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In SPSS, variable view (the tab located on the bottom left-hand corner next to data view) is the location where one will find information on their specific variables in the data set. Under the variable view tab, one will find eleven column headings: name, type, width, decimals, label, values, missing, columns, align, measure, and role. Each section tells a different thing about the variables. For the most part, when using variable view (which should be any time when using SPSS) one should double check and make sure that all sections match up with the data, and that the variables are correctly labeled for the data one is using. For an elementary statistics course, the tab sections that are the most relevant are: name, measure, type, and - depending on what type of data - decimals.

For most data sets, one will focus on the measure tab. The measure tab tells the statistician what measure the variable will be in, nominal, scale, or ordinal. When checking variables in variable view it is extremely important to check and make sure the variables are correctly defined by the measures. This setting affects a lot of what SPSS can and cannot do. Putting the wrong level of measurement can affect the results one receives, such as graphs, charts, and other outputs, so it is a critical step in all statistical analyses. The name tab will usually stay unaffected unless one wants to change the name of the the variable (which cannot contain spaces), and has no effect on the actual data. The type column tells you what type of data one is working with, which is usually string or numeric. Numeric variables are strictly numbers, while string variables can be letters or numbers. Something to watch out for with the string variable is that it may contain only numbers, but functions such as finding the mean, standard deviation, etc., cannot be calculated. If one is working with nominal data, but wants to find the mean for example, then you simply change the type to numeric. The numeric type allows you to calculate more information on the data than string does. The decimals section of variable view will change the amount of decimal places the data has, but has no effect on the values of the data.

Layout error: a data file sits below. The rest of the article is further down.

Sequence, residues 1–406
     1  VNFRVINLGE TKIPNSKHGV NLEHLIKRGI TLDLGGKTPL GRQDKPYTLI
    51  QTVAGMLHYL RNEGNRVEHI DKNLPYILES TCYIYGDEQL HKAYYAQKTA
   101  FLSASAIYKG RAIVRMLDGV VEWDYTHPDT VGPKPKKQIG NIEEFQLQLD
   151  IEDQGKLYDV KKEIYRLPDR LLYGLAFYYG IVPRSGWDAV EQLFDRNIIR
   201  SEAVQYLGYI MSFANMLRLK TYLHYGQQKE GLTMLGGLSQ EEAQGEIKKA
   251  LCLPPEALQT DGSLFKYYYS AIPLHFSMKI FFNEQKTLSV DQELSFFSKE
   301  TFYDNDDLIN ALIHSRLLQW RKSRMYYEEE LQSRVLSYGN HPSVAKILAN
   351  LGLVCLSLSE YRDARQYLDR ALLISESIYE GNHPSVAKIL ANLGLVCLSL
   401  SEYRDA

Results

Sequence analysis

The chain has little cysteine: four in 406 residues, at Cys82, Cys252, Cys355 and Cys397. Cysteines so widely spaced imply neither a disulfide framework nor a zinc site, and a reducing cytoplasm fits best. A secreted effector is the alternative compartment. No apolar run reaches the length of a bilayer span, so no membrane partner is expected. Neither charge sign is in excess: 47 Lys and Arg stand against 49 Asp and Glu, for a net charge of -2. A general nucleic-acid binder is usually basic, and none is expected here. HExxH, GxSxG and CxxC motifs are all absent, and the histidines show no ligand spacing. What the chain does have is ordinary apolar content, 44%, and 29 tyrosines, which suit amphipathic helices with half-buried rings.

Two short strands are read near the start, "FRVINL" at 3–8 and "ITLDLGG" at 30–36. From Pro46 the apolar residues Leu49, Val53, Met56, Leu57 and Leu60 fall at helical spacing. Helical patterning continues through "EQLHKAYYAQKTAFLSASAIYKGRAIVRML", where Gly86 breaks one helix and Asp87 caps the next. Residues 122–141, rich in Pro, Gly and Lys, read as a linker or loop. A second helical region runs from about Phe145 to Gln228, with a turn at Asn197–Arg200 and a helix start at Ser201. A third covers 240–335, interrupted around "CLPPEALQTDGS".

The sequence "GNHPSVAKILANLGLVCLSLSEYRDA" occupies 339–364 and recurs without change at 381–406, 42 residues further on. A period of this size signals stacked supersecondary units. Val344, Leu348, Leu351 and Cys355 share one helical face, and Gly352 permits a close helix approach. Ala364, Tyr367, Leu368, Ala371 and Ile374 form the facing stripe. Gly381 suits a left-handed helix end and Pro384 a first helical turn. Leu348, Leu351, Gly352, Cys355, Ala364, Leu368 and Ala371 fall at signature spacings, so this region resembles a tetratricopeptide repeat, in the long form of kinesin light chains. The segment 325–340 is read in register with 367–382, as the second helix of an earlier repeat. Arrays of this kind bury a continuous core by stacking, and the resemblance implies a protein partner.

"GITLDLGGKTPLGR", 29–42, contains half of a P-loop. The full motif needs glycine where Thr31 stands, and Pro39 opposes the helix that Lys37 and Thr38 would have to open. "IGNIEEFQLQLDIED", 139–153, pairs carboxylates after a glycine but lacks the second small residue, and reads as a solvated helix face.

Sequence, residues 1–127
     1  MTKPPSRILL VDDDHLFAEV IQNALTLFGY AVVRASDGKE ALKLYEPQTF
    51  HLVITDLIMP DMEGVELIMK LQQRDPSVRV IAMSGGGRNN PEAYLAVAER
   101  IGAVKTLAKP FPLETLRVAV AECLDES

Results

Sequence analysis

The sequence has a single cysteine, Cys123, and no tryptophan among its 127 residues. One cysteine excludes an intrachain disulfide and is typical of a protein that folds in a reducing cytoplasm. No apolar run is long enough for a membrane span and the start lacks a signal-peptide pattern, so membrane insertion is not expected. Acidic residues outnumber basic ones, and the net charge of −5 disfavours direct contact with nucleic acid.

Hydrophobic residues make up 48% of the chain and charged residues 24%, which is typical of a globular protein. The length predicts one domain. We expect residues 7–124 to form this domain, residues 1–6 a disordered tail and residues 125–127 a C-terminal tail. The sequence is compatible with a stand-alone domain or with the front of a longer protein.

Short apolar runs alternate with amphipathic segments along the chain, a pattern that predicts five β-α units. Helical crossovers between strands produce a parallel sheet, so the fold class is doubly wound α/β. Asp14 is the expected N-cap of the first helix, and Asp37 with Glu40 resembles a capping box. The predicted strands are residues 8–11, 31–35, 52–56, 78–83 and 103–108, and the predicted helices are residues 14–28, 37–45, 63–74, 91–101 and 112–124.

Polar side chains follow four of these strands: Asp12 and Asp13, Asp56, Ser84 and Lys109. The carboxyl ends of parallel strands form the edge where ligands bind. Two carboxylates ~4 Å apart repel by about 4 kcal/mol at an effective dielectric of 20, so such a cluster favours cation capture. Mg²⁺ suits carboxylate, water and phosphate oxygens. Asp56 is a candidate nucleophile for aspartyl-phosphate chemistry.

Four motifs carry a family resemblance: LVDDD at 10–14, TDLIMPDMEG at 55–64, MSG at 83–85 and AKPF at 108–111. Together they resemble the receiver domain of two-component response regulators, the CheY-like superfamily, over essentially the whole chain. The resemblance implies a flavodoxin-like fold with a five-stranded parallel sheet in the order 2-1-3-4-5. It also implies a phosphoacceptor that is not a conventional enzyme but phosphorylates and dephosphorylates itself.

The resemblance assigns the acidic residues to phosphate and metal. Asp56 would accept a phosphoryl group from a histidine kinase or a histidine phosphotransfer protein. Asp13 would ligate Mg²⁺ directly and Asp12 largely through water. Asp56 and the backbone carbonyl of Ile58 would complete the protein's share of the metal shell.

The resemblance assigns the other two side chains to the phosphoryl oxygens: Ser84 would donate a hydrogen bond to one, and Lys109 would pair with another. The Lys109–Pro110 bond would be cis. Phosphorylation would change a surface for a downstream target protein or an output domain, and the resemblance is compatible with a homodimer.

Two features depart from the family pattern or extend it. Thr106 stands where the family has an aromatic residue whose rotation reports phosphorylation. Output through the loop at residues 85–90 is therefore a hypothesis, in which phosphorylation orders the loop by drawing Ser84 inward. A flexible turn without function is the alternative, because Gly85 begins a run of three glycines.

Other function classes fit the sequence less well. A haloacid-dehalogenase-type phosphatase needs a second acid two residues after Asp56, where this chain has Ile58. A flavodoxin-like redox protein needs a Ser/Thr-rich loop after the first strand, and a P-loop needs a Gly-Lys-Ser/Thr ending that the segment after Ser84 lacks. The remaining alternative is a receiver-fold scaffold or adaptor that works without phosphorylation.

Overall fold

For example, data was collected about the fuel economy of multiple type of cars, the horsepower, and the miles per gallon. As one can see, there is both categorical and quantitative data in this set, so one would go to the Variable View to make sure that SPSS categorizes them correctly.

The cars are categorical data, and the horsepower and the miles per gallon quantitative. As the pictures above shows, SPSS has categorized cars as nominal and horsepower and mpg as scale variables. As nominal is a measure for categorical data and scale is a measure for quantitative, SPSS has done its job correctly. Had it put scale as the measure for cars and nominal as the measure for horsepower and mpg, then one would need to change the measures.

In the decimal tab, there are 0's for each variable. As categorical data has no decimals, and as all of the quantitative data in this set are whole numbers, this is exactly what one would want to see in this tab for this example.

In the type tab, cars are classified as string variables and horsepower and mpg as numeric. String variables are the ones containing letters (although they can contain numbers), which categorical data tends to. Numeric variables are strictly numbers. This is what one should expect to see for this data in this tab.

How to Use the Variable Tab in SPSS

In the bottom bar, next to the Data View, click Variable View.

Check the name of each variable in the Name column.

Go over to the Measure Column.

The categorical data should be listed as nominal, and the quantitative data should be listed as scale.

If these are inaccurate, click on the little box, and then the blue arrow.

When the list pops up, change the measure to the correct one.

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